Our data indicate that steroid-independent effects of Fsh occurs also in Leydig cells. We noted that genes involved in steroidogenesis are induced by Fsh and not by steroids. These genes include hsd3b1 and star. Our data and the expression of the Fshr previously reported in fish on Leydig cells [12][14], [16] suggest that Fsh could act directly on gene expression in those cells.

The in vitro Δ4-steroid independent action of Fsh on gene expression does not exclude the fact that steroids on their own could regulate the steady-state levels of some of these transcripts. In particular, genes encoding key factors involved in steroidogenesis were up-regulated by Fsh and down-regulated by androgens in vivo: star, hsd3b1and cyp17a1 [34] or in vitro: hsd3b1, star and cyp11b2-2 (this study). Such antagonistic regulatory effects suggest a short loop feedback by high concentrations of the sexual steroids that could be essential to allow a local fine-tuning of steroidogenesis. We also noted antagonistic effects between Fsh and steroids for genes involved in early germ cell proliferation and/or differentiation like igf1b.

Fsh-regulated factors and testicular functions

We gave particular attention to several transcripts regulated by Fsh independently of the mediation of steroids, as they encode growth factor related products or cytokines, that may be key factors in the mechanism of Fsh action on germ cell proliferation/differentiation or on Leydig cell functions. In this category, we can cite anti-mullerian hormone (amh), insulin-like growth factor 1b (igf1b), hepatocyte growth factor activator (hgfa), follistatin-like 3(fstl3) and midkine (pleiotrophin related) (mdka). Except for igf1b, they are also found expressed in the mouse gonad [40][42].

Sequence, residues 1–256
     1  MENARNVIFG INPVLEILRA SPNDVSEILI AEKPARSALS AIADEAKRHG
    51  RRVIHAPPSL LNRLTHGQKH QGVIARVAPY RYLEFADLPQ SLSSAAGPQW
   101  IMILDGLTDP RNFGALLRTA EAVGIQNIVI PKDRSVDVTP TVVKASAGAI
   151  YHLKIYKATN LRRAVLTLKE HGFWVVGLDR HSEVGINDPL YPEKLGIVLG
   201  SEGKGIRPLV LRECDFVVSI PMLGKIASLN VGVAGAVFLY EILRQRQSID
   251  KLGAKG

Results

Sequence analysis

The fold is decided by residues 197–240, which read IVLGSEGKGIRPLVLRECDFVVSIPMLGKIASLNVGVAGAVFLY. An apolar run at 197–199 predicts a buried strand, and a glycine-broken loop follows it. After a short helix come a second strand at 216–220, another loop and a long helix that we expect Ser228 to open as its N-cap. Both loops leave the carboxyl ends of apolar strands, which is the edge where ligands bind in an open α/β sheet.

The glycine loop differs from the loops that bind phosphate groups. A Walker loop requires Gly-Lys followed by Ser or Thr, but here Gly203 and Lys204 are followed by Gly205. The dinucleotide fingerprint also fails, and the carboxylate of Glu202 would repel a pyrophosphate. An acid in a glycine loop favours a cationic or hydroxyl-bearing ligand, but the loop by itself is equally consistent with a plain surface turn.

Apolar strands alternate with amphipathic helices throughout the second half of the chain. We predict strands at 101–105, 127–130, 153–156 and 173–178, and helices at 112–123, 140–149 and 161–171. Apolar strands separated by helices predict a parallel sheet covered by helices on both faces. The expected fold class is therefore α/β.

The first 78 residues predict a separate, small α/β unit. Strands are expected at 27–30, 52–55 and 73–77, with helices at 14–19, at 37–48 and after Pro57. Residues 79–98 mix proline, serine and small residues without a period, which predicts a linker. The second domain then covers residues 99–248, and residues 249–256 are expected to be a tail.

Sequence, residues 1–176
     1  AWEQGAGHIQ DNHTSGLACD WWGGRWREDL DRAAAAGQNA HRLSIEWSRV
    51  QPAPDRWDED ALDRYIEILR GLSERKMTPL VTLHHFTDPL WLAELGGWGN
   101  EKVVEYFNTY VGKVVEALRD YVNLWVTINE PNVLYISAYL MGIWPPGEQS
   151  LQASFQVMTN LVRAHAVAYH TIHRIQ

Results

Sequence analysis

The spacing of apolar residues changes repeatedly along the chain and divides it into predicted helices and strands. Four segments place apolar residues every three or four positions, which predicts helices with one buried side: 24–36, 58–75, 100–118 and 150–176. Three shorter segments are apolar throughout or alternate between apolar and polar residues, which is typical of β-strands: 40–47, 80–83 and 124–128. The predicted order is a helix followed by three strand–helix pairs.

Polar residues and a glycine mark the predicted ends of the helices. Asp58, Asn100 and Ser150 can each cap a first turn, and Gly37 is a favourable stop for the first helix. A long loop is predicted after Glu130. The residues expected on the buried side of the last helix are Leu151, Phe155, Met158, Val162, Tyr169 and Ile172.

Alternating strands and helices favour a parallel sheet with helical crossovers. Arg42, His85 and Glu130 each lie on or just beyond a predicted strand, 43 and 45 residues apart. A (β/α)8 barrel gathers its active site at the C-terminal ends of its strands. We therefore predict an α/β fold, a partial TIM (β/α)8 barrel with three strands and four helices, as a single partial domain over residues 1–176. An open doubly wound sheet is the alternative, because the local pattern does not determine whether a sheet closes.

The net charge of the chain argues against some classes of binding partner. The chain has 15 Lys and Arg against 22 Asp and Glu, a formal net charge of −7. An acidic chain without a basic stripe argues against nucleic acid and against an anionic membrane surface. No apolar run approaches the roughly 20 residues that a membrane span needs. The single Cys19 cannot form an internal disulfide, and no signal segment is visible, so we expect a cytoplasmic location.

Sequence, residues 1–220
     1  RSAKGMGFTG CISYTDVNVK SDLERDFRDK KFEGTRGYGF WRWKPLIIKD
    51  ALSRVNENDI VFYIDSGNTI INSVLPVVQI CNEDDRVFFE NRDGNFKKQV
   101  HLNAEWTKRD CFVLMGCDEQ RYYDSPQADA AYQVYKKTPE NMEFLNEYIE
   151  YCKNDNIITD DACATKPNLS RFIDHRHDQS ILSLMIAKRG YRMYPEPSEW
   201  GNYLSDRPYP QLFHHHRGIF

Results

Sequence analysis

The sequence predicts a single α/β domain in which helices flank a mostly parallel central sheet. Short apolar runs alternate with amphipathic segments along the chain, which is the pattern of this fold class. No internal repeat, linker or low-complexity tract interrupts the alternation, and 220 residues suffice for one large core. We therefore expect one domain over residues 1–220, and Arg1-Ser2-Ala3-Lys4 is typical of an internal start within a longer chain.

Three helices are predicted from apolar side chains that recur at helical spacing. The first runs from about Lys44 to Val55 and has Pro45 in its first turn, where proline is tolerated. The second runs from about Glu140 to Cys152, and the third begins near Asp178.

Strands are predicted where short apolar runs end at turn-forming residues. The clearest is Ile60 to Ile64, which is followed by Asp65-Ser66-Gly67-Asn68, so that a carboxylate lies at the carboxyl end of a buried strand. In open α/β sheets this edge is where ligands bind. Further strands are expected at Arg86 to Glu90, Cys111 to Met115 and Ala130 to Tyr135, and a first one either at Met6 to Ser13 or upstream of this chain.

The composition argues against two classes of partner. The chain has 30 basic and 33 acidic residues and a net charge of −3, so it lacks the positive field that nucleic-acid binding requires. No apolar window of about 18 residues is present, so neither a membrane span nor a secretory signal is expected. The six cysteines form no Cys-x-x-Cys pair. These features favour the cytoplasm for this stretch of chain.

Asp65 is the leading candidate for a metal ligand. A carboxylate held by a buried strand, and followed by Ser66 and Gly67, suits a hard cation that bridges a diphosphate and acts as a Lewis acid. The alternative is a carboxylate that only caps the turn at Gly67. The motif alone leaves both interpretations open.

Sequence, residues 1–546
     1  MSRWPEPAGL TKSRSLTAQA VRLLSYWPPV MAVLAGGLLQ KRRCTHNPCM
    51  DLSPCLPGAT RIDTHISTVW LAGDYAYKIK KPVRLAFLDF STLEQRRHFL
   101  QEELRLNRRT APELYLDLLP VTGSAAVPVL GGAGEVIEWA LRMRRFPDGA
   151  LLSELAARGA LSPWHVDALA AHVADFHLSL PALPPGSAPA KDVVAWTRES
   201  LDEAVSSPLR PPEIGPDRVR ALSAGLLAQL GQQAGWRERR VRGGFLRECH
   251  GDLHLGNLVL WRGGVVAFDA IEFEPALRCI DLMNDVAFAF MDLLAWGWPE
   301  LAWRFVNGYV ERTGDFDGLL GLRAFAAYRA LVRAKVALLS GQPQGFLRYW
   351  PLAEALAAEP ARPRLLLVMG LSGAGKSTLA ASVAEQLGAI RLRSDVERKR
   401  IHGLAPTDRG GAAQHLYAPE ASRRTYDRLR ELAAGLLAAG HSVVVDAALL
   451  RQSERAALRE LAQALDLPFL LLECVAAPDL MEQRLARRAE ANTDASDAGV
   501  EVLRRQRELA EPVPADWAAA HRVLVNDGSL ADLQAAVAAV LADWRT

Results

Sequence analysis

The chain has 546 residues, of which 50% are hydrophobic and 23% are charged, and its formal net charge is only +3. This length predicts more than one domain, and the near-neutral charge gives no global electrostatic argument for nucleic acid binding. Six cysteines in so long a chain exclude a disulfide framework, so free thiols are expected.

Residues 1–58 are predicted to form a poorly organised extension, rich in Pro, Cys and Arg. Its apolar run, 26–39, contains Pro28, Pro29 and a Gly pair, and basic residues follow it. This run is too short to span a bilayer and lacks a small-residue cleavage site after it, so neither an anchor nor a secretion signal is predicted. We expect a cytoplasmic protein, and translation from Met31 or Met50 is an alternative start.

Amh is known to prevent spermatogonial proliferation and differentiation in fish [43], [44]. Here, the down-regulation by Fsh of amh transcript was found to be insensitive to trilostane and therefore independent of Δ4-steroid production. This observation is consistent with the inability of androgens in regulating in vitro amh expression in trout (not shown) and in zebrafish [44] but in contradiction with 11KTdecreased amh mRNA levels in eel [43].

Igf1b (also named Igf3) is a new member of the Igf family which is preferentially expressed in teleost gonad [45]. Previous studies had demonstrated that Fsh and recombinant Igf1 stimulated spermatogonia proliferation in trout [21], [46]. More recently, we found that Fsh stimulated the expression of the igf1b gene (but not igf1a or igf2) suggesting that this Igf form is a major mediator relaying the Fsh action on trout spermatogonia proliferation [10].A similar conclusion was reached in zebrafish (Schulz and col., unpublished data). In the present study, high levels of androgens decreased the level of igf1b transcript. (Note that estrogens and the progestin DHP also down-regulate the gonadal igf1b mRNA level in zebrafish and tilapia [47][49]). The negative influence of androgens on the igf1b transcript in rainbow trout may therefore limit the accumulation of spermatogonia during the mid and late testicular stages. In addition, we previously showed that administration of androgens tended to stimulate the expression of germ cell genes involved in meiotic differentiation [34]. Altogether, our data suggest a sequential cooperation between Fsh and sex steroids in trout: a primary function of Fsh in prepubertal males would be to stimulate the active accumulation of spermatogonia; in animals undergoing pubertal maturation, the increasing production of steroids would limit the proliferation of spermatogonia and favor their differentiation.